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Pak Deal With Taliban
Not at our cost: Karzai

New Delhi, June 1
Days after Pakistan struck peace deal with Taliban, Afghan President Hamid Karzai has said the agreement should not compromise his country's interests, failing which Kabul would be “extremely angry”.

He also disapproved of reported moves by Pakistan to hold talks with Betullah Mehsud, prime accused in the assassination of Benazir Bhutto case. Karzai said if the peace deal by Pakistan with the Taliban in North West Frontier Province puts Afghanistan at risk, he would raise the issue with the leadership in Islamabad. “That should not happen. That is certainly something we are concerned about and we hope our brothers in Pakistan will not allow that,” he said on Karan Thapar's 'Devil's Advocate' programme on CNN-IBN when asked whether he was apprehensive that the peace deal between Pakistan government and Taliban could come at the cost of Afghanistan.

“If a thing like that happens, of course we will take it up (with Pakistan). I definitely hope that will not be the case. That will not happen. We must be very careful,” he added.

“We cannot, under no circumstances, allow elements that are inimical to this country or that to operate from either country,” Karzai said. The Pakistan government and local Taliban in NWFP signed a 15-point agreement on May 21 whereby the militants will stop suicide attacks and the army will gradually be withdrawn from the restive Swat valley.

Asked how Kabul would react if the deal came at its cost, the Afghan President said: “Well, we will not only be upset but extremely angry.” To a question, he said he had not checked up with the US on Pakistan's peace deals with the Taliban as “we know what is going on.... when something is wrong, we know it and raise our voice to the concerned people.” Karzai, however, said peace deals with those Taliban who want to return to normal life were good. “But (talks with) the hardcore ones, the extremist Al-Qaida elements or other terrorist networks ... that is wrong,” he said.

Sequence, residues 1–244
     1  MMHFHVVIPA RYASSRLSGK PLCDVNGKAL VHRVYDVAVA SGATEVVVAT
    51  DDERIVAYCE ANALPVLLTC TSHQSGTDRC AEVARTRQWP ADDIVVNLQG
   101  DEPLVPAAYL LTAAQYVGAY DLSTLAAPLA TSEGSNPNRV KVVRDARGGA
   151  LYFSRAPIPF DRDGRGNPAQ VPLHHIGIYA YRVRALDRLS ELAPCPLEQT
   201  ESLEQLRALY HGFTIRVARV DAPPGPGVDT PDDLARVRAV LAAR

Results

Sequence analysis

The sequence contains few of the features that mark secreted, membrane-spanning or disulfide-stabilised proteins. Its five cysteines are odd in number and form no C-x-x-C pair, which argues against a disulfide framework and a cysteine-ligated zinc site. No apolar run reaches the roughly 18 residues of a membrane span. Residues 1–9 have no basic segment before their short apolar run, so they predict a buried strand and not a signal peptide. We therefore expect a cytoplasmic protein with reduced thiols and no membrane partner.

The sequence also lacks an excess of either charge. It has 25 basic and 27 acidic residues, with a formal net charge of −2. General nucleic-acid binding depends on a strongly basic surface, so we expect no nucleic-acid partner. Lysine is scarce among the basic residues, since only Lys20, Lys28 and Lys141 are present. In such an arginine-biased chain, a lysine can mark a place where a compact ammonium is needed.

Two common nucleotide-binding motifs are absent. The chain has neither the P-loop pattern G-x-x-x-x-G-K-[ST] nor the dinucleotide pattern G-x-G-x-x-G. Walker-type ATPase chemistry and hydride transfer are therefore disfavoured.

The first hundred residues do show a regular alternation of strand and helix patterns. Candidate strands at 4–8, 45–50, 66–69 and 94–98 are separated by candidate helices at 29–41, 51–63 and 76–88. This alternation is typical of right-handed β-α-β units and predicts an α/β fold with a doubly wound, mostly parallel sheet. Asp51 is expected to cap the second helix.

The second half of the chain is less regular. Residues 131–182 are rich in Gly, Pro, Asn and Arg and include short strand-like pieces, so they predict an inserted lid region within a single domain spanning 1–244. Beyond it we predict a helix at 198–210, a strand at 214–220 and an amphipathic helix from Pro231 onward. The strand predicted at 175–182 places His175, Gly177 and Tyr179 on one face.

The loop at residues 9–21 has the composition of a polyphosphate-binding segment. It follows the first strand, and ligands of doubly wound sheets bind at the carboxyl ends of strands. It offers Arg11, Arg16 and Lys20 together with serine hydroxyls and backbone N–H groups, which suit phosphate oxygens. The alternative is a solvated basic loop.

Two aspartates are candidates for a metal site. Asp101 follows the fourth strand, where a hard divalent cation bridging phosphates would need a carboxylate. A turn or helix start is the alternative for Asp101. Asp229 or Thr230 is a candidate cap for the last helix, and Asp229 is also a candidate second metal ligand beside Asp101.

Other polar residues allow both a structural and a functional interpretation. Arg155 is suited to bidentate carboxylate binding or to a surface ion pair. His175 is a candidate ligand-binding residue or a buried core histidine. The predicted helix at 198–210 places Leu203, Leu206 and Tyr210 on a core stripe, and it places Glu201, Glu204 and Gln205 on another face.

On reported moves by Pakistan's Yousuf Raza Gilani government to hold talks with Mehsud, Karzai said: “(Talks) with the killers of Benazir Bhutto, whosoever they are, I think it is wrong.” When referred to demands from western nations for India to join international forces in Afghanistan, Karzai said it was for New Delhi and the world community to decide on the matter.

Suggesting that he was trying to have a balance in Afghanistan’s relations with India and Pakistan, Karzai said he would not take a step that would bring “more rivalries in the region.”

“We would like to do all for the security of Afghanistan and an effective war on terror in the region but not do something that will bring more rivalries in the region,” he said. “India is a very strong, steady partner of Afghanistan and we have made it clear to all the countries around, including Pakistan. We have reassured Pakistan that our relations with India are in no way going to cause harm to our relations with Pakistan,” Karzai said. “We are trying to bring cooperation, trying to bring integration to the region and not competition and rivalry that is going to affect all of us,” the Afghan President said.

He, however, defended the ban on certain Indian soap operas in Afghanistan saying “these are cultural issues and there is nothing political about it.” “Afghanistan must have the freedom to decide this is what our society wants and this is what our society must not watch,” he said while pointing out that only two of the dozen odd Indian soap operas were banned in Afghanistan. Karzai brushed aside concerns of curbs on freedom of speech and said: “freedom of speech is doable and presentable in lot of other ways and equals the freedom of speech in India.” India has done magnificently in the past six years and the Afghan people see that very clearly,” Karzai added. — PTI



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